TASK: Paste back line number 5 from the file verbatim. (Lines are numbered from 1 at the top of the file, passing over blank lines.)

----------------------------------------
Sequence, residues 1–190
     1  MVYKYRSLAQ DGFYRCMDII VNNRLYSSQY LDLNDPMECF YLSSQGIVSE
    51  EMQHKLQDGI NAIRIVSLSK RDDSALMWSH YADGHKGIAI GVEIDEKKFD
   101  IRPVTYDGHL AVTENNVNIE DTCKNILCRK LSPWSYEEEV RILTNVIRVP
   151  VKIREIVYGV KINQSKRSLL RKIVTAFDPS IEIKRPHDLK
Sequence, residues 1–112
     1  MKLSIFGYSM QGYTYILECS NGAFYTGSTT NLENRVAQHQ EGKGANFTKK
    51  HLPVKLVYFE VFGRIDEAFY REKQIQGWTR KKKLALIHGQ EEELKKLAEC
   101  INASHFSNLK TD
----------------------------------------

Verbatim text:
   151  VKIREIVYGV KINQSKRSLL RKIVTAFDPS IEIKRPHDLK